Cassville opens Kinder Academy this year

Wednesday, August 9, 2017
Kinder Academy, a new, transitional kindergarten class that will be offered at Cassville Primary School for the first time during the 2017-2018 school year, will be taught by Michelle Ramaeker, who has more than 14 years of experience in education and 10 years experience teaching kindergarten at Cassville Primary. The premise of the program is that it gives young children extra time to develop a variety of social, emotional, motor and academic skills before they start kindergarten and officially enter the school system. Contributed photo

Principal: New academy gives kids an 'extra year of development'

Eunice Thomas Elementary in Cassville will be adding a new type of program to its calendar for the 2017-2018 school year — the Kinder Academy.

A transitional kindergarten class, the Academy is designed for children who are old enough by state law to attend kindergarten, but who would benefit from having more time to develop social, emotional and academic skills before entering standard kindergarten classes.

In effect, it gives young learners the gift of time — time to develop social skills like learning how to get along with others, stand in line, follow directions, and all of the things that a child entering school for the first time must become acclimated to, but are not always ready for, simply because of their tender ages.

According to Catherine Weaver, Cassville primary principal, Missouri law says that at 5 years of age, a child must be properly placed within a classroom. But for children with late birthdays, a parent may not want them to start kindergarten because they do not want them to be the youngest in the class. But, they cannot stay in preschool.

"In the past, this law has created somewhat of a challenge for many families in our community," Weaver said. "They have turned age 5 by Aug. 1, but just really aren't ready to start kindergarten yet and need that extra year of development. Kinder Academy is a bridge for us that allows these kids to have that extra year of development, and to focus not just on academic skills but on social and emotional skills. Students in the academy will be gifted with an extra year for developing academic skills, fine and gross motor skill development, social awareness skills, core strength and social and emotional skill development.”

The concept is similar to the pattern previous generations of educators have followed with helping young children transition into the school system.

"Kindergarten has changed dramatically over the years," Weaver said. "It used to be half a day, and it was more focused on social and emotional development, but now there is a high academic accountability [per state standards], even in kindergarten, and they're not always ready [at that age] to focus or attend."

The program came about after researching similar programs in Branson and Bolivar, and based on the research, Weaver has high hopes for the program, which she expects will have far-reaching positive results and implications for children, families and the education system.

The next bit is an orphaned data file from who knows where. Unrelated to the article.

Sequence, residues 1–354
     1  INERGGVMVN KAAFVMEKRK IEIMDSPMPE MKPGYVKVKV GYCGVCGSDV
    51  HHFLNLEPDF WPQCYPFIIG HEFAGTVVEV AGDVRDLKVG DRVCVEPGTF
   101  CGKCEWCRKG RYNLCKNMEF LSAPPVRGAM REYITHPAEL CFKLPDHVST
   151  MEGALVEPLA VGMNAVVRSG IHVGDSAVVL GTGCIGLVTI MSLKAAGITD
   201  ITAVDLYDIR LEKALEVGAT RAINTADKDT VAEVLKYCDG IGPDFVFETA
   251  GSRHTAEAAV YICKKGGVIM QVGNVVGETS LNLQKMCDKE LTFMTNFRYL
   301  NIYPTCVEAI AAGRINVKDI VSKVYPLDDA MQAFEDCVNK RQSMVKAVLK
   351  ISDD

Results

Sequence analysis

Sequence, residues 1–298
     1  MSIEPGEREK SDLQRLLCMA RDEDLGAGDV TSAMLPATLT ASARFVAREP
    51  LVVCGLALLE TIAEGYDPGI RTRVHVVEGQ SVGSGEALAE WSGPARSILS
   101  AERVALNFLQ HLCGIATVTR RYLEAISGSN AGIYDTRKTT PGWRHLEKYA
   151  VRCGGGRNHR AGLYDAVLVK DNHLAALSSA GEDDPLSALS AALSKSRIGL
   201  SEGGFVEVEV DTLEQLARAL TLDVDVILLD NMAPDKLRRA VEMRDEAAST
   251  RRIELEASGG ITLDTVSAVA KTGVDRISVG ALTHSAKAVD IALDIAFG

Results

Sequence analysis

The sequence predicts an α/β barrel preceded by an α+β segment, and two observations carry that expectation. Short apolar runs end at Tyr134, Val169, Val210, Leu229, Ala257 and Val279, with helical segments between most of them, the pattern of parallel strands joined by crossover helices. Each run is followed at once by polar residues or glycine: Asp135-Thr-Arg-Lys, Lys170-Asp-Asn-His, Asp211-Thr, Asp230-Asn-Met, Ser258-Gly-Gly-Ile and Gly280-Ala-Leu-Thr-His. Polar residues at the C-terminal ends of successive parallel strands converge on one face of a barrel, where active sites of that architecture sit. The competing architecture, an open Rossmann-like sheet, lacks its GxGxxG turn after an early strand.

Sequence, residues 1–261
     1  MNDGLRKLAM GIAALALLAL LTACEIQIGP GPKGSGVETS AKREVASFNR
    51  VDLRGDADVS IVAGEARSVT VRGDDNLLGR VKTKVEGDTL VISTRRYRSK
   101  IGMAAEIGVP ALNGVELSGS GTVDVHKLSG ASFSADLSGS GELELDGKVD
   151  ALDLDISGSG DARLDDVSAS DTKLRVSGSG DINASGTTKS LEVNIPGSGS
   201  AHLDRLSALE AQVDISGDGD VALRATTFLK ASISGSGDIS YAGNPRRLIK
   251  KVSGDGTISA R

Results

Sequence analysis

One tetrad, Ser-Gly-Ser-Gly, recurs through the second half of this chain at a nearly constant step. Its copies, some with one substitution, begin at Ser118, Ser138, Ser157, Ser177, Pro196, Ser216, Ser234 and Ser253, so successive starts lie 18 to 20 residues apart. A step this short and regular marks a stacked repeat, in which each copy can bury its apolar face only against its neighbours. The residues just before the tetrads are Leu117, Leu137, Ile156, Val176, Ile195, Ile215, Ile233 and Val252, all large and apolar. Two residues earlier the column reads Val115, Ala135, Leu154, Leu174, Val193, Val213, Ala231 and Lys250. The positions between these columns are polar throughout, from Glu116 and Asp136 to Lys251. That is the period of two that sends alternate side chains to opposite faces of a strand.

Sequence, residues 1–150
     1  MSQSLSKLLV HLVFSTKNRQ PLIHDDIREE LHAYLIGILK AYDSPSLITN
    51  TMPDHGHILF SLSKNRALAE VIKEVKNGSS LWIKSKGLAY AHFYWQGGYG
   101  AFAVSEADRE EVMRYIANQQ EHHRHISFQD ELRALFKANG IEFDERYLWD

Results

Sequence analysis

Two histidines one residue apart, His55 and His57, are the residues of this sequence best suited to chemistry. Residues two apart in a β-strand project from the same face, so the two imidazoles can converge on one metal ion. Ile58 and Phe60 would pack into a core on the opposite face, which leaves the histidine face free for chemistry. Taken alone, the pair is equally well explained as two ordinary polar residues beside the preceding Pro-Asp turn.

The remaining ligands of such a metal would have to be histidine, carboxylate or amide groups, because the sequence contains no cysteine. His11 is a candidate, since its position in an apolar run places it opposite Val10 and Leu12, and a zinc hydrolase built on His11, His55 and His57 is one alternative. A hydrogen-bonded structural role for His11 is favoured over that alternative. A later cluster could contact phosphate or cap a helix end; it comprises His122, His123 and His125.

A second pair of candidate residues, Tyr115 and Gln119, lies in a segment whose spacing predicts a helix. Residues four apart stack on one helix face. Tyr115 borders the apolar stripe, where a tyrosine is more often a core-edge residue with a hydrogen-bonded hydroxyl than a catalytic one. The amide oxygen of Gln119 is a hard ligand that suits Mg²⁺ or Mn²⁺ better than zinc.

"Bolivar is the system we ended up doing the study with," Weaver said. "They've done the program for 10 years, and what they've found is that all the students in the program ended up scoring higher than their peers, and did not need intervention help [such as with reading and academics]."

Richard Asbill, district superintendent, echoed Weaver's enthusiasm.

“This is an important decision that will drive our educational goals now and into the future,” he said. “After evaluating other local programs and evaluating the data, student needs and community benefits carefully, the Board of Education, administration, and our faculty feel this will be a beneficial service for our youngest learners, allowing them the proper time to learn, grow and develop, ultimately leading to a successful educational path.”

The full-day course will offer both breakfast and lunch to students. Students will also expand their education outside of the traditional classroom by participating in daily curriculum of music, art, library, technology and physical education. Kinder Academy’s curriculum will be aligned with the Missouri Learning Standards between prekindergarten and kindergarten.

The course will be taught by Michelle Ramaeker, who has more than 14 years of experience in education, and 10 years experience teaching kindergarten at Cassville Primary.

“I’m honored to have the opportunity to play a role in the success of our students in the new Kinder Academy program," she said. "I am looking forward to greeting my students the first day of school. It is a privilege to teach this course and I can’t wait to get started.”

“Michelle has a unique skill set that we know our Kinder Academy students will benefit from,” Weaver said. “We believe she is the right fit to lead this class.”

“While this school year is the inaugural year for this program,” Asbill said. “We look forward to many years of success within Kinder Academy and at Eunice Thomas Elementary. We are committed to providing the best possible learning environment for our students and believe this is a step in the right direction."

At a capacity of 15 students, Kinder Academy is already full for the school year. A screening process was utilized to select students.

"We are so excited and I know that our parents are, too, because we quickly filled up," Weaver said. "We limited it to 15 students to make it a smaller class size."

The Cassville district will be the first school in the Big 8 Conference to offer the program to students.

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